It is a paragraph of just six sentences and most everyone knows it by heart. It is called the Miranda Warning or your Miranda Rights. We all know what it implies and what it means from watching most every television cop show produced since 1966.
For me the most important part of that paragraph is the phrase "Anything you say, can and will be used against you in a court of law." CAN AND WILL. Not MIGHT or if relevant COULD, can and will.
My all time favorite movie screenplay is "My Cousin Vinny". There is not a moment of dialogue in that script that doesn't belong. Every word, however seemingly unimportant, leads us to the final conclusion. If you have forgotten the plot, a couple of kids are wrongly charged with the murder of a convenience store clerk. They think they have been detained because they forgot to pay for a can of tuna at the same store. Thinking that he is being interrogated for that petty crime, Ralph Machio's character, William Gambini is explaining what happened. His story ends when he accidentally walks out of the store with the tuna can.
The local policeman then says, "So that's when you shot the clerk."
In confusion of what he has just heard Gambini says, "I shot the clerk?"
The cop confirms with a look.
In total disbelief Gambini tries to clarify, "I shot... The clerk?"
The policeman nods in the affirmative and one more time Gambini tries to understand and says,
"I.... Shot the clerk?" It is then that William Gambini realizes this is not about a can of tuna.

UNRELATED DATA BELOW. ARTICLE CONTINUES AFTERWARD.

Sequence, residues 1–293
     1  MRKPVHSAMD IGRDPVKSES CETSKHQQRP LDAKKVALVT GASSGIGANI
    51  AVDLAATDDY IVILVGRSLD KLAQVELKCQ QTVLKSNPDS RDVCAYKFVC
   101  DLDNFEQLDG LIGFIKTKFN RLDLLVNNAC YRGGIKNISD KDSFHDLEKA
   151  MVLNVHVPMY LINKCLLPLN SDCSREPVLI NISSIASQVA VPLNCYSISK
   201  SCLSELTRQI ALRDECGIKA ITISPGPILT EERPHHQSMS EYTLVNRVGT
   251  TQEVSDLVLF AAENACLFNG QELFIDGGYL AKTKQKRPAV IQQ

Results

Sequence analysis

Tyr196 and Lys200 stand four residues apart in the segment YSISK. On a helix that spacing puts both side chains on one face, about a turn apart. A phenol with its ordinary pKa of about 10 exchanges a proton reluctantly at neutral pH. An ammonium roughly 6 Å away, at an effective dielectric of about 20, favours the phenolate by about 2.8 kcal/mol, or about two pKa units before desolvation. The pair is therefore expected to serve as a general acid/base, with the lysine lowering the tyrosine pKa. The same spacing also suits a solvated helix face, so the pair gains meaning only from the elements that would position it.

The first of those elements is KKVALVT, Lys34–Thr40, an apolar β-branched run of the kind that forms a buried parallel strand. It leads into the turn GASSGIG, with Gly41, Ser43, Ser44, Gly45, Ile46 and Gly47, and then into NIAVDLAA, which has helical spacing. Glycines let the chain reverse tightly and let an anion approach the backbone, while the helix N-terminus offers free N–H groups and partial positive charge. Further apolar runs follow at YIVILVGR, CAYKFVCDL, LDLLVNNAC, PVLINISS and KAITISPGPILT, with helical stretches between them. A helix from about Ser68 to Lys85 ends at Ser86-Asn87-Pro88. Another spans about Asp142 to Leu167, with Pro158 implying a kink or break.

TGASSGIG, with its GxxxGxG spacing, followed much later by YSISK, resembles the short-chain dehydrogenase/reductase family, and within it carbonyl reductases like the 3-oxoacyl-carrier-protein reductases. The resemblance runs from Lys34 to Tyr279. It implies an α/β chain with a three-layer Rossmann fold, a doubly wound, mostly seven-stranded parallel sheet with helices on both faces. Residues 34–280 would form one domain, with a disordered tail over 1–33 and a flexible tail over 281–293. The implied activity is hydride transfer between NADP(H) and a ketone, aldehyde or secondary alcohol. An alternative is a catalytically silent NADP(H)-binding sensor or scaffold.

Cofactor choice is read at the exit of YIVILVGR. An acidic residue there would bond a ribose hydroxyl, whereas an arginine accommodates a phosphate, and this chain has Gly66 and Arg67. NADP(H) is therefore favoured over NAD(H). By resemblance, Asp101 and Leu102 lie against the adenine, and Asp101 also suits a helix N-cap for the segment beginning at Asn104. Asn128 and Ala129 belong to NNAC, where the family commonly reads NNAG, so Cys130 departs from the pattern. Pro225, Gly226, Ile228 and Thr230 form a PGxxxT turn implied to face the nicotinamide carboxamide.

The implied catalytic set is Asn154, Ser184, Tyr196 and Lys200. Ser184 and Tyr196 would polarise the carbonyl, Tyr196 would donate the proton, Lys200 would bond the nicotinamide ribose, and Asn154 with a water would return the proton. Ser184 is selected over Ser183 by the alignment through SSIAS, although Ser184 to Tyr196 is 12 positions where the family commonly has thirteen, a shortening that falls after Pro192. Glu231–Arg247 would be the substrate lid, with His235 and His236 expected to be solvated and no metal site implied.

Later at the trial the prosecution asks the police to read Gambini's statement. With the cold recollection of courtroom testimony, the policeman reads this: "I ask him if that is when he shot the clerk. He replied 'I shot the clerk. I shot the clerk. I shot the clerk.' " ANYTHING you say, CAN AND WILL be used against you in a court of law.
If the FBI prevails in this iPhone dispute you can expand that to mean "Anything you text, tweet, like, chat, share, comment on, delete, friend, unfriend or buy with your Apple Pay, CAN and WILL be used against you in a court of law. Unfortunately you will not have the right to remain silent because the ANYTHING will be retroactively stored on what you thought was a private iPhone.
The FBI is trying to minimize their demands by saying it's just one iPhone. It's just one terrorist and the fear of another terror attack is greater than every one's right to privacy. They want to make it seem as if this is a bank safe deposit box and they need a key to see what is inside. That court order is made all the time. Difference is in the case of a safe deposit box the key will only fit one box, not the whole vault's worth. What the FBI is asking to have, in the iPhone case, is a key to every deposit box at the bank in question as well as every other box in every other bank world wide.
Oh, Jay... But if you have done nothing wrong why would you care if the government can have access to your private stuff? Because the very government I grant access to my privacy also has the ability to change what is legally right and wrong. It happens all the time. Sears used to sell hypodermic needles filled with heroin through the mail before it was declared illegal. Day before prohibition a bartender was just a merchant selling beer, the next day he was a criminal.
If I have the "right to remain silent" my iPhone should have a similar protection.
As you were,